Environment

A roadmap to protect 250 square miles of the Peconic watershed

To help protect the 250 square miles that comprise the Peconic watershed, the Peconic Estuary Partnership recently unveiled its 2020 Comprehensive Conservation and Management plan, which will serve as its roadmap for the next decade.

The 88-page document identifies clean water, abundant wildlife habitats, a thriving coastal economy and climate change preparedness as top goals and outlines a series of 35 objectives to aid in its implementation.

According to PEP executive director Joyce Novak, the plan was last updated in 2001 and was initially developed in response to the prevalence of brown tides that degraded water quality in the 1980s and 1990s.

While the 2001 plan honed in on the brown tides, Ms. Novak said Monday that the 2020 plan now acknowledges numerous kinds of harmful algal blooms that have been well-documented in the estuary in the years since.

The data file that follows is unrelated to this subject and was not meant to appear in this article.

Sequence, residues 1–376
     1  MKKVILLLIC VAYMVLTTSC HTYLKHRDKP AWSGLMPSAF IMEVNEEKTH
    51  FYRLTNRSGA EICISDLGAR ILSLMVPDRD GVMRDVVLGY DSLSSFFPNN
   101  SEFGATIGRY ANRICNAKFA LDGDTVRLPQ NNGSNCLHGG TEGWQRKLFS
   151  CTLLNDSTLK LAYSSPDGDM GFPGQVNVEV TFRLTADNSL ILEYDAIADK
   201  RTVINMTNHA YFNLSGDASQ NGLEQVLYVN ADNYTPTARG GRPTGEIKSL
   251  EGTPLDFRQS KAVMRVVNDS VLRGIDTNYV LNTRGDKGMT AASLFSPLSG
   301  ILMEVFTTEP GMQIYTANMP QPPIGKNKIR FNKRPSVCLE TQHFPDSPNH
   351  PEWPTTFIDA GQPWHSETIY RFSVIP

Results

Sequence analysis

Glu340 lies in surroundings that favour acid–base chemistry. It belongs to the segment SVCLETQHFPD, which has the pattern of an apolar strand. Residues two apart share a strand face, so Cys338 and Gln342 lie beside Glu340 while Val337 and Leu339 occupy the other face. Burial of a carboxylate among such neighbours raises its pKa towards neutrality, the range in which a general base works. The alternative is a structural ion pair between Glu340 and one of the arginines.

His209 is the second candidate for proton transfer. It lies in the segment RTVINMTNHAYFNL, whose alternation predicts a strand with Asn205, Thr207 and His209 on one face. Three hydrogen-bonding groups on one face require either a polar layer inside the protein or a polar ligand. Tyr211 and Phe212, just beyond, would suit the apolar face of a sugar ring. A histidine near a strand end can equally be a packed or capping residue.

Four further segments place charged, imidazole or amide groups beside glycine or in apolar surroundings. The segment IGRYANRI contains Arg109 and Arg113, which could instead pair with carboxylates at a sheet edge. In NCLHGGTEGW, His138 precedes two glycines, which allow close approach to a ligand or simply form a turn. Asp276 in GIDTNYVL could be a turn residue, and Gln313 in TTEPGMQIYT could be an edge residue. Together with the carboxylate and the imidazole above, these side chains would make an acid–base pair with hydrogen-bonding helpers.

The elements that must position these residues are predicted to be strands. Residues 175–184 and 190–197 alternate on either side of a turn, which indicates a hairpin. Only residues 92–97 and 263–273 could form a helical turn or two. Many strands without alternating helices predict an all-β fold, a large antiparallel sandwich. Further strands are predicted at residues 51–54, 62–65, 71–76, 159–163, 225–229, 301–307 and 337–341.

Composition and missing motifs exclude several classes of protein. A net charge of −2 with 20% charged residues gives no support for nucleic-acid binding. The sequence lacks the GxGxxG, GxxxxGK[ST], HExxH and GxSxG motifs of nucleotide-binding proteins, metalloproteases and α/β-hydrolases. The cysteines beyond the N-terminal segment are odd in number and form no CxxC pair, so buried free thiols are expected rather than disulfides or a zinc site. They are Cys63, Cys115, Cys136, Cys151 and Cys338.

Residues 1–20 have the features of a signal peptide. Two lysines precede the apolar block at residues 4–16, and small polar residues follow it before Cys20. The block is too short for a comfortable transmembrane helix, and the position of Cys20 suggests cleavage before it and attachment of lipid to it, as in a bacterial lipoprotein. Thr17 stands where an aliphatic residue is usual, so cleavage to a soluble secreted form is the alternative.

“Now, we have a great understanding about harmful algal blooms and we know how to get to the root of the problem,” she said, pointing to nitrogen-reducing initiatives like the advancement of alternative septic systems.

Over two decades, Ms. Novak said, there has been a massive shift in understanding climate change, a key issue addressed in the 2020 management plan.

“It’s not ‘Is climate change real?’ anymore,” she said. “This is it. It’s here now.”

The plan’s release coincides with the start of what many have proclaimed to be the start of another dismal bay scallop season.